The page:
Brittney Nystrom receives Kroc Institute Distinguished Alumni Award
Simon Vogel | Monday, October 11, 2021
The Kroc Institute for International Peace Studies presented its Distinguished Alumni Award to Brittney Nystrom (’98) over Zoom on Friday. The award honors “Notre Dame graduates in peace studies whose careers and lives exemplify the ideals of international peacebuilding,” according to its website.
In terms of Nystrom’s career and life, she has an extensive pedigree of human rights advocacy.
Following her graduation from Notre Dame, Nystrom worked for AmeriCorps, a national service organization, as an employment counselor at a community center. Her exposure to the injustices of the criminal justice system then led her to law school at Northwestern and subsequent work shaping immigration policy reform in D.C. After extensive work in the policy sphere, she moved to Utah, where she is currently the executive director of the ACLU of Utah.
After accepting the award, Nystrom began her presentation titled, “Overcoming Intersections of Oppression: Immigrant and Racial Justice in the U.S.” The presentation focused on exposing the barriers to equal application of civil rights for immigrants, refugees and BIPOC communities.
“We talk about newly arriving immigrants sailing past the Statue of Liberty and embarking on this wonderful new life in America, and that’s part of our national mythology,” Nystrom began. “The reality is that there is a clear line in our history and in our laws of racism and xenophobia.”
She described the ways in which marginalized communities are “othered” or made socially distant from the rest of the population because they are associated with fears related to disease, loyalty, and crime.
“The latest hysteria around immigrants and contagious diseases is playing out on the US-Mexico border with Title 42,” she said.
Title 42 is a Trump-era immigration policy that bars people from entering the country during a health crisis and is still active under the Biden administration. The policy denies immigrants legal protections such as due process in the name of public health. This, Nystrom argues, is senseless when there are vaccine cards and COVID tests to verify the health of immigrants.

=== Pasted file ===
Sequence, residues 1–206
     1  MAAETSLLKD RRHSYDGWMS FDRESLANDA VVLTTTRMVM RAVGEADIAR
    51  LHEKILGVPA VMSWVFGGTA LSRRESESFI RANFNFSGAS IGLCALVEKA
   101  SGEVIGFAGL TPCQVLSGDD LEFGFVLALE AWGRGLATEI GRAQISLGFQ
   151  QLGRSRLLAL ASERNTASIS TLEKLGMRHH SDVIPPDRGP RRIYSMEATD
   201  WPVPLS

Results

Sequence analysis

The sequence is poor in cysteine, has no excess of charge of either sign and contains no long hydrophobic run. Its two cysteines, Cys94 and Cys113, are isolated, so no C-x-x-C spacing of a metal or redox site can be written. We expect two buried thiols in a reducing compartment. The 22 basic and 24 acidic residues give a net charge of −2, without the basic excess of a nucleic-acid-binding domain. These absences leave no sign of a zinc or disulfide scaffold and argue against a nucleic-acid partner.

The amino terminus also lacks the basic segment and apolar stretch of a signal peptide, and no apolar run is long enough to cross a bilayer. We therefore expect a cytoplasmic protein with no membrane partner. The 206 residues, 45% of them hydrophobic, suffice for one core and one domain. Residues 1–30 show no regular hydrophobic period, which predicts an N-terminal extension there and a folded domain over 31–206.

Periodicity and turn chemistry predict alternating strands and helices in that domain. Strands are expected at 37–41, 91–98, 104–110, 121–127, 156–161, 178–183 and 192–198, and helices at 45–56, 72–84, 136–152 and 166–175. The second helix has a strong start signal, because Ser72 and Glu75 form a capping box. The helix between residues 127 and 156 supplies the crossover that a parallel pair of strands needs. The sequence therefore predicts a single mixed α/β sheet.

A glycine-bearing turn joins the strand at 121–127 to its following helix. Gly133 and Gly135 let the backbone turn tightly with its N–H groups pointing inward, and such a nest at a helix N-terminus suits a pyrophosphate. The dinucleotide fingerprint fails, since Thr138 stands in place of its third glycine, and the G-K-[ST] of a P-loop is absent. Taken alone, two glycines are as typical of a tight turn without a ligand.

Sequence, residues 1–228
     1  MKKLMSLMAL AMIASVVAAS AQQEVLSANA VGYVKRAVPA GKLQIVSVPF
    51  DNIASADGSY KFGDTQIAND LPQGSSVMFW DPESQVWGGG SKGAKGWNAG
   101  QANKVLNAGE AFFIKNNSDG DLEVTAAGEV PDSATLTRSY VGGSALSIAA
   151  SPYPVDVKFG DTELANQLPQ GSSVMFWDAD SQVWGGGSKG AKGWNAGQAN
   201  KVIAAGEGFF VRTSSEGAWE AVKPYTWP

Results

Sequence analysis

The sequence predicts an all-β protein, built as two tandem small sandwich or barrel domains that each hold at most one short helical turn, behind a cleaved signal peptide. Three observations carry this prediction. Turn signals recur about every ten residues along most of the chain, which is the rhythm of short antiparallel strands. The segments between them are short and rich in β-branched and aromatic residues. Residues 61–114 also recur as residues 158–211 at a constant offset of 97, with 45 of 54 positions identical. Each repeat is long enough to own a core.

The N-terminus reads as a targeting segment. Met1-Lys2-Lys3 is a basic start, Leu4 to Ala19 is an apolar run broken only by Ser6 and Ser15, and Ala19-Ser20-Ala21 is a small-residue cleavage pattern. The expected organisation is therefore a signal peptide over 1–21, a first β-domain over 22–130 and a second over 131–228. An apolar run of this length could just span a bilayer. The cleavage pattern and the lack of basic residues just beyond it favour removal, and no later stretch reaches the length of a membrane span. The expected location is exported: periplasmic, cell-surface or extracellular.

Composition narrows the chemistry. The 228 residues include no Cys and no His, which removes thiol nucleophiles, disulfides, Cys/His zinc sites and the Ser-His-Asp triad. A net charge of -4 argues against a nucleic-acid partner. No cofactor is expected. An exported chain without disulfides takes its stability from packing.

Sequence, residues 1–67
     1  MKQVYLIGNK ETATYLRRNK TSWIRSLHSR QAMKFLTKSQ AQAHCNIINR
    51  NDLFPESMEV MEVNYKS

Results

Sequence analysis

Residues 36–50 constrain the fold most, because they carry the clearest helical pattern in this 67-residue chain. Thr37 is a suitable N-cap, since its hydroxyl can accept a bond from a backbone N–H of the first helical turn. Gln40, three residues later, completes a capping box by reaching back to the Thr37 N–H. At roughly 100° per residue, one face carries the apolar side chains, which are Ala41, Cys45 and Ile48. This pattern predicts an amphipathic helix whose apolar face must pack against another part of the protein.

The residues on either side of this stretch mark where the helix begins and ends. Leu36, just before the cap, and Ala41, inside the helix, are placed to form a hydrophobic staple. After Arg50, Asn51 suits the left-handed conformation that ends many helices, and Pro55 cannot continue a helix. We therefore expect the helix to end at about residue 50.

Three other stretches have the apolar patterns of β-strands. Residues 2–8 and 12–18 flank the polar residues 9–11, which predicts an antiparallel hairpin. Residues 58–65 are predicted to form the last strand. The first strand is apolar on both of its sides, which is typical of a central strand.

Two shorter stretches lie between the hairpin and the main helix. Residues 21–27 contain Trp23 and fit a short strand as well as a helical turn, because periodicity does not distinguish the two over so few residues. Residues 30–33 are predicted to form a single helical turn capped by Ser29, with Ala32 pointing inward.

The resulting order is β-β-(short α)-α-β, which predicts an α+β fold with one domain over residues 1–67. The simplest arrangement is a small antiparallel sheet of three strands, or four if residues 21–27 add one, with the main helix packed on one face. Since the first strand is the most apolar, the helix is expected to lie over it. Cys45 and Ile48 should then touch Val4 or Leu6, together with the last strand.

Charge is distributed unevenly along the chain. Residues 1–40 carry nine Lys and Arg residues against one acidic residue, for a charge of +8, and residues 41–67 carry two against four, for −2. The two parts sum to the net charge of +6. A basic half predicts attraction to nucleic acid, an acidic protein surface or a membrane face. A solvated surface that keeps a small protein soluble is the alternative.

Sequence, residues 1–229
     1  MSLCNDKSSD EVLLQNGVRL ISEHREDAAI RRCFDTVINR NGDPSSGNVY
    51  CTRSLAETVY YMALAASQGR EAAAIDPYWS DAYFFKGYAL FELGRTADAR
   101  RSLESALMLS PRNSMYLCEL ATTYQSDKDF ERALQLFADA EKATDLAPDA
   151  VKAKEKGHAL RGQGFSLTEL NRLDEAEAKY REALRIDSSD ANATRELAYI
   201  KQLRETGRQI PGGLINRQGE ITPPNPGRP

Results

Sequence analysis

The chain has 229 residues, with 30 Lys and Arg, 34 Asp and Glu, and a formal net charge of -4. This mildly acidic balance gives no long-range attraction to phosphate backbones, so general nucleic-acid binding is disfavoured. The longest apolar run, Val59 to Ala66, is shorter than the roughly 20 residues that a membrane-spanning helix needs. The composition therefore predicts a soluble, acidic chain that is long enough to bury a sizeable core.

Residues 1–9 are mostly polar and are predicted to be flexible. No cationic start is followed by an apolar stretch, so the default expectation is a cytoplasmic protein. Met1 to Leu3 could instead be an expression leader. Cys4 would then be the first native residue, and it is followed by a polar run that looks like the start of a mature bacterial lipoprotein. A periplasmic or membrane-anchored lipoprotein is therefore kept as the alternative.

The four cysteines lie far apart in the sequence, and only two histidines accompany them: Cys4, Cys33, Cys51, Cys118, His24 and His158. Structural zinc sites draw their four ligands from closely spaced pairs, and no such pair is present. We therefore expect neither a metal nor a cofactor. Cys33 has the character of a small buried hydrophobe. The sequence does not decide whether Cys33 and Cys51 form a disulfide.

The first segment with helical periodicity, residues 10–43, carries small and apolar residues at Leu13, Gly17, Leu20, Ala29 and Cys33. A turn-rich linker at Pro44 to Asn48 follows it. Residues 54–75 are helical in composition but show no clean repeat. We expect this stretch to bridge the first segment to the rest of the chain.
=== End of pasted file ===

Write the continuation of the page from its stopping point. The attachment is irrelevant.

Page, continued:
Nystrom cited Japanese internment and FBI surveillance of Martin Luther King as examples of the othering of marginalized groups due to fears of disloyalty, saying that this continues today with the suppression of Black Lives Matter protesters.
The last way in which communities are othered, Nystrom explained, is through rhetoric portraying these communities as violent and criminal.
“We saw President Trump candidly refer to El Salvador, Haiti, and African nations as ‘s—hole countries’” she said.
As a result of the othering, these communities are separated from the population and stripped of constitutional rights. For instance, Nystrom pointed to undocumented immigrants who are unable to exercise their first amendment rights due to fear of deportation.
The presentation took on a more hopeful tone as Nystrom described the path to empowering these marginalized communities: inclusion, truth and intersectional campaigns.
“Institutions will need to be overhauled,” she said, in reference to a more inclusive system of education, healthcare and government. The ACLU, Nystrom emphasized, focuses specifically on the governmental aspect, filing lawsuits and challenging discriminatory policies, including voting rights among others.
Nystrom emphasized the need to understand forms of oppression.
“We must acknowledge the impact of centuries of segregation and exclusion in our institutions and our opportunities,” she said.
Nystrom argued that if a marginalized community was to be fully integrated, there must be a fundamental understanding of their history of oppression.
“Civil rights die first at the margins of society,” Nystrom said. “We need to make sure we’re living up to what us Americans say we’re all about in our founding documents — equality and justice.”